Chilean Student Campaign to Reform Education, 2011

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Timing
Time Period:  
Time period notes: 
Globally, this was a time of revolutionary spirit (Arab Awakening) and youth mobilization using social media.

Though the "Chilean Winter" was most active in a time period of 6th months (most highly in the first segment), sporadic marches continued which extend our time frame into late 2012.

May 12th
2011
to
September 27th
2013
Location and Goals
Country: 
Chile
Location City/State/Province: 
Santiago Metropolitan Region (among others)
Location Description: 
Protests occurred throughout Chile
Goals: 
An improved, free, and more equal education system (see specific demands of the "Social Agreement for Chilean Education" further detailed in narrative). Also, the end of for-profit education
 

Student governments of Chilean universities assembled to be represented as the Confederation of Chilean Students Federations (CONFECH), the leading organization of the campaign. College students Camila Vallejo and Giorgio Jackson took leadership of the protests and were both integral in creating the "Social Agreement for Chilean Education" (Acuerdo Social por la Educación Chilena), the proposal that was presented to the Chilean government. The students of CONFECH demanded the following:

  • Increased state-support for all public universities (which traditionally depended solely on tuition for funding activities)

  • A more equitable admissions process into prestigious universities (including less emphasis on the standardized test Prueba de Selección Universitaria)

  • Free public higher education for all, regardless of a family’s economic status

  • Creation and implementation of a government agency that would investigate and prosecute universities allegedly using loopholes to make profits

  • Creation of a more serious accreditation process

  • Creation of an "intercultural university" (to meet the unique demands of the underrepresented indigenous Mapuche students)

  • Repealing of laws that did not allow student participation in University governance

High school students created demands as well. These included:

  • Central government control of public secondary and primary schools

  • Only allowing Chile's school voucher system to be applicable in nonprofit pre-school, primary and secondary schooling levels

  • Increasing state spending from 4.4% of GDP on education, to a number more comparable to the 7% of GDP recommended by the UN for developed nations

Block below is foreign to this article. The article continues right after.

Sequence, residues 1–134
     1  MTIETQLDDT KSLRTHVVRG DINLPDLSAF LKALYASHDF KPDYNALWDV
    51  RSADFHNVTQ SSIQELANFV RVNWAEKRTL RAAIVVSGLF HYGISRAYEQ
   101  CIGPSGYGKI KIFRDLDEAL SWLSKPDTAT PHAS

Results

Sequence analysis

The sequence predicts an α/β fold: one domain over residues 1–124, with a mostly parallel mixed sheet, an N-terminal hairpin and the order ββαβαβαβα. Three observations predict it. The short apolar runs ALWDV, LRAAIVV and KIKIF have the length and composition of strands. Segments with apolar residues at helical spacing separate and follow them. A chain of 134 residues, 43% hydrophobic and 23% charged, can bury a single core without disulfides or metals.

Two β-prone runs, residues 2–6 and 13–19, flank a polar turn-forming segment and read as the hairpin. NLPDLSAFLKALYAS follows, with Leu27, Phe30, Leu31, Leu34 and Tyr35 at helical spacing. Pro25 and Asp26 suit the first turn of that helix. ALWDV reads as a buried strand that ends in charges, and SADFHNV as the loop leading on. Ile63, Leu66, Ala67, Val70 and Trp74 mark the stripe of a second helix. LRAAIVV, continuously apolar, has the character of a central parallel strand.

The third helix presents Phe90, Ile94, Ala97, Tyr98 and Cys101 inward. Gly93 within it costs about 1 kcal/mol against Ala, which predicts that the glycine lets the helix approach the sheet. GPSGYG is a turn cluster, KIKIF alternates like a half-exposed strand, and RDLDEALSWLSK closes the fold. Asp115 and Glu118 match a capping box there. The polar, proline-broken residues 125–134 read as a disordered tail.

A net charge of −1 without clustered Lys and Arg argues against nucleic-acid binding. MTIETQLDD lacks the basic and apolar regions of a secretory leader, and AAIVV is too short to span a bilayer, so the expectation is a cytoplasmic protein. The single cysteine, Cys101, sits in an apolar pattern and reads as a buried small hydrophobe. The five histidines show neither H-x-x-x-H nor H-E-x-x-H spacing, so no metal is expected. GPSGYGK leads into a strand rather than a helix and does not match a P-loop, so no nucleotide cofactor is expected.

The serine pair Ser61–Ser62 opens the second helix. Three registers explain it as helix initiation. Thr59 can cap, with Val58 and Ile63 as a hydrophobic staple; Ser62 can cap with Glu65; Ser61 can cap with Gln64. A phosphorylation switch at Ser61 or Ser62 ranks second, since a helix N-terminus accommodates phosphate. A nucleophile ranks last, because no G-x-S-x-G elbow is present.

• The use of student bus passes throughout the entire year

  • The development of more vocational high schools

  • The reconstruction of the schools that were damaged during the 2010 Chilean earthquake

  • A moratorium on the creation of new voucher and charter schools

  • Increased pay for teachers

  • Creation of a national plan to attract the best talent to the teaching profession and raise its social stature

A letter detailing these demands was presented to Lavin on 26 May.

CONFECH largely used social media like Twitter to spread the campaign objectives and plans to students throughout Chile, allowing students to organize mass protests. Creative nonviolent protest quickly drew public attention. Students used tactics such as taking over school buildings and going on hunger strikes, dressing up as super heroes to marches, organizing flash mobs to Michael Jackson’s “Thriller” (dressed as zombies), jogging around the presidential palace 1,800 times to symbolize the $1.8 billion a year in funding that protesters demanded, and staging a mass public “kiss-in”. Students donned flags and signs with statements that resonated with many, such as the slogan “Fin al lucro en la educacion, nuestros sueños no les pertenecen” (education is not for profit; our dreams are no one’s property). By 13 June, protesting students occupied an estimated 100 high schools. On 30 June, 200,000 students and workers demonstrated in support of the campaign.

The government under President Sebastián Piñera first attempted to appeal to protesters on July 5th with the proposal of “GANE", a fund of 4 billion dollars that would be used annually to fund public education. To the dismay of the government, this plan only further increased protests, as Camila Vallejo exposed how this would only increase disparities by legalizing for-profit government activity in education. On July 14th, students and striking workers at El Teniente mine marched in one of the biggest demonstrations of Chile’s history as a democracy. In response to the protests, four days later the government replaced Lavin for Felipe Bulnes. Many protesters took this attempt to shuffle cabinet positions as a sign that the government was struggling to find ways to appease the protesting masses. Student leaders traveled to Paris to meet with UNESCO and the European Parliament to recruit international support.

On August 1st, Piñera’s government offered its second proposal to reform the education system with a 21-point plan. Addressing the education system from preschool level to higher education, the proposal included greater democratization of universities for student participation, direct state management of public schools, greater access to scholarships, and refinancing options on student loans. However, the student leaders did not agree to accept the terms as it failed to recognize the demand for criminalization of the profiteering in education. On August 4, the protesters staged a “state of siege”, according to Vallejo, at the center of Santiago. Mass confrontations took place when police teargassed the streets, leaving 90 militarized police injured by protester riots, 874 students arrested, and a local department store burned down. That night, protesters organized a cacerolazo protest to respond to the violence, where protesters banged pots and pans as a audio display of discontent from their homes. The government presented a revised third proposal on August 18 that would reduce the interest on student loans to 2%, but again prompted more backlash from disappointed protesters.